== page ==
Will the Reds Be Buyers, Sellers, or Neither?

As the trade deadline approaches, the Reds are still in contention for a playoff spot. The front office must decide if it’s willing or able to improve the club.

In a season filled with surprises, some good, mostly bad, chalk up yet another one: Jonathan India hit .526 last week with, I dunno, a thousand doubles or something and was just named the National League’s Player of the Week. Two weeks ago, he was hitting .235/.348/.326; he was getting on base at a decent clip but literally everything else about his offensive performance was a drag on the Cincinnati offense. As the calendar flips to July, however, India is on a heater like we’ve rarely seen in Cincinnati. Ain’t baseball a funny game?

India extended his hitting streak to 12 games on Sunday; even better, he set a new Reds franchise record by hitting a double in eight consecutive games. If he can collect a double on Tuesday against the Yankees, it’ll tie the all-time MLB record set by Bo Bichette in 2019. Over the last two weeks, India has hit .489/.549/.822 with 22 hits and 12 doubles in 12 games, while scoring 11 runs. He’s now hitting .278/.381/.410 on the season, and his 123 OPS+ is second-best on the club behind Elly De La Cruz. What a difference a couple of weeks make.

So are we happy now that the Reds didn’t trade India last winter? If you’ll recall, there was plenty of chatter during the off-season that the Reds needed to deal him, given the glut of young infielders in Cincinnati. I discussed it here last October. The Reds did not trade India, but given his recent hot streak with the July 31 trade deadline approaching, similar chatter has emerged again. Should the Reds be shopping India now that he presumably has more value?

First things first: The Reds shouldn’t be making decisions about anyone or anything based on two weeks of data. The calculus for trading India now vs. last winter remains largely the same. A bigger question, in my mind, is whether Cincinnati should be buyers or sellers at the upcoming trade deadline.

The Redlegs outscored St. Louis 20-11 over the recent four-game weekend series but emerged with just a split. That was Cincinnati’s 10th loss in their last 15 games, and they enter July six games under .500, a half-game out of last place in the NL Central, 11 games behind first-place Milwaukee. More embarrassingly, we’re more than halfway through the 2024 season and the Reds are 1.5 games behind the Pirates. The Pirates!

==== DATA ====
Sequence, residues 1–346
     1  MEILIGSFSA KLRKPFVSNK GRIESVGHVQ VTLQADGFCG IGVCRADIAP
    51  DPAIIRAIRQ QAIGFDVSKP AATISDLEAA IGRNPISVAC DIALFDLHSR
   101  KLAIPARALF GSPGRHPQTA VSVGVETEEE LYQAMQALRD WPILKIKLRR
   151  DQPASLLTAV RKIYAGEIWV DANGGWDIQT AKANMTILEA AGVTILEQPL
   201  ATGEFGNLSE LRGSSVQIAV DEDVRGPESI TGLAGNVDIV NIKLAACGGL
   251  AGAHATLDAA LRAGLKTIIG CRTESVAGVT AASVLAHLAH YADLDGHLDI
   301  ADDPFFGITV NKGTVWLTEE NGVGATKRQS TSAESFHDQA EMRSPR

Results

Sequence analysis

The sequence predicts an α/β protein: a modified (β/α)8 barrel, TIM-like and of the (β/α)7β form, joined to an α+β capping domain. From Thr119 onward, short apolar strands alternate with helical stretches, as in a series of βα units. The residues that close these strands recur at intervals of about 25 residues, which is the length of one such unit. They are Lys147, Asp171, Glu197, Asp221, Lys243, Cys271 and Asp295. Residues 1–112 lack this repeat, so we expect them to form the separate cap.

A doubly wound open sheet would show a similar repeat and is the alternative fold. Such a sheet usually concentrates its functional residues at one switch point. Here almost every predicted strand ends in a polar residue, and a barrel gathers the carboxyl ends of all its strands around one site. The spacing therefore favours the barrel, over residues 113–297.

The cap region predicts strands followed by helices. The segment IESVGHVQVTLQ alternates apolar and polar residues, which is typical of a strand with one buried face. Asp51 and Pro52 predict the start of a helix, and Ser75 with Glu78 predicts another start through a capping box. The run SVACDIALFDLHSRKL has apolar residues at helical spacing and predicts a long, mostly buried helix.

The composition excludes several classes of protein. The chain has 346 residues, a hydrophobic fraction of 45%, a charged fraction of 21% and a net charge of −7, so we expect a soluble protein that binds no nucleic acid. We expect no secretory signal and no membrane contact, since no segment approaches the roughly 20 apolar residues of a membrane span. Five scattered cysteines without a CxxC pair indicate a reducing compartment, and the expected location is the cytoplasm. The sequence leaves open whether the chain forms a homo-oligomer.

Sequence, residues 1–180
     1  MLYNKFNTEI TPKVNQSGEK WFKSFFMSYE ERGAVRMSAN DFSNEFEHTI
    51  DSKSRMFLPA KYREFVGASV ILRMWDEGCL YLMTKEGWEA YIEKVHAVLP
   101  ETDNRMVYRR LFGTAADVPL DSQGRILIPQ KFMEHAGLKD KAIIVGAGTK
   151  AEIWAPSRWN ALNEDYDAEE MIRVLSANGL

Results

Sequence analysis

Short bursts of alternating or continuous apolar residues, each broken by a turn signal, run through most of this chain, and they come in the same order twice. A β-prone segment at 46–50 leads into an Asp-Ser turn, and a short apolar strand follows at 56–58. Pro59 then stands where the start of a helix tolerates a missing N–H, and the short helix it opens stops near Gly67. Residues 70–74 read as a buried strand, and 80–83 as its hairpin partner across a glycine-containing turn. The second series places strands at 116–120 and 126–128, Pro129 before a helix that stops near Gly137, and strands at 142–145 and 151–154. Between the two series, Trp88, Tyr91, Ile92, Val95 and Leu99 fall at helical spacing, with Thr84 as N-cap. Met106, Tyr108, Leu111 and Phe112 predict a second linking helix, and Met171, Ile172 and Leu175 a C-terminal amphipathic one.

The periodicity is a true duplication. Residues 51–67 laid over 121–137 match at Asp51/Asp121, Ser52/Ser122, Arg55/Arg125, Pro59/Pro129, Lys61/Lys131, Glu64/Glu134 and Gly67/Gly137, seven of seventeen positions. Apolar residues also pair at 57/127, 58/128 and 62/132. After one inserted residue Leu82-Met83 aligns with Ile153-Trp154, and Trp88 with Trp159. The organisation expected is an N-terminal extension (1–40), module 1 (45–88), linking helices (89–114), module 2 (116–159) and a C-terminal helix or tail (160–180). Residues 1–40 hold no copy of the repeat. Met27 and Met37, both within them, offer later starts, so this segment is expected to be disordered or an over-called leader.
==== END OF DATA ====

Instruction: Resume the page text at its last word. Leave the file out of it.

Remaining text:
For most of recorded baseball history, this would have meant that the Reds were finished, playoff hopes largely dashed. But this is 2024, when the playoffs have been expanded and pretty much every team still has a shot at making the postseason. So, as it stands, the Redlegs are just 4.5 games out of the final Wild Card spot. Never mind the fact that they’d have to climb over six other teams to qualify or that Cincinnati has the fourth-worst record in the National League. There’s still a chance!

Since the Arizona Diamondbacks barely snuck into the playoffs last year as a Wild Card and then went on a run to the World Series, there’s some validity to the idea that you just have to qualify for the playoffs to have a shot in this new era of baseball. The postseason has always been a bit of a crapshoot, and that’s never been more true than the current day. That argues for the Reds being buyers at the trade deadline, right?

Maybe? If the Reds want to be buyers, they’ll have to contend with this fact: With more teams potentially trying to improve their club, there are fewer sellers. I’m no economist, but this is simple supply and demand. With fewer players available in trade, the price for those players rises. It complicates things, and the Reds have never been the type of club to overpay for players.

Another complicating factor: Who do the Reds have available to trade in a deal that would improve the big league roster? Many fans went gaga over Cincinnati’s minor league system over the last couple of years, and that’s fair, but go take a look at the current state of the farm. It’s not nearly as deep as you think, after so many prospects graduated to the big leagues across the past year. There just aren’t very many names that would be particularly appealing to other clubs. Never mind the fact that Reds President Nick Krall has been loathe to trade any prospects whatsoever during his tenure.

So if the Reds aren’t going to be buyers, will they be sellers? I’m not sure that makes a lot of sense either. Who would they sell? Perhaps India has improved his stock, but by and large big league general managers are too smart to be fooled by two hot weeks of hitting. Jeimer Candelario, with two years left on his contract, may be a trade candidate, but he’s 30 years old and wasn’t exactly a hot prospect on the free agent market over the winter. Who else? Frankie Montas and his league average stats? Perhaps. Maybe Fernando Cruz, but he’s a reliever and can’t be expected to bring much of a return in trade.

My best guess: The Reds will do nothing at the trade deadline. I will readily concede that this isn’t exactly a bold prediction. It’s what the Cincinnati Reds do pretty much every summer. You just need to remember last year, when the Reds were in first place at the trade deadline and yet sat on their hands and refused to improve the team. We know how that turned out.

“We can’t keep doing what we’re doing,” India said on Sunday. He was talking about the players, not the front office. Because there is every indication that this front office will do precisely that—the same thing they’ve been doing year after year after year after year. Trust Reds management at your peril.

Chad Dotson helms Reds coverage at Cincinnati Magazine and hosts a long-running Reds podcast, The Riverfront. His newsletter about Cincinnati sports can be found at chaddotson.com. He’s @dotsonc on Twitter.

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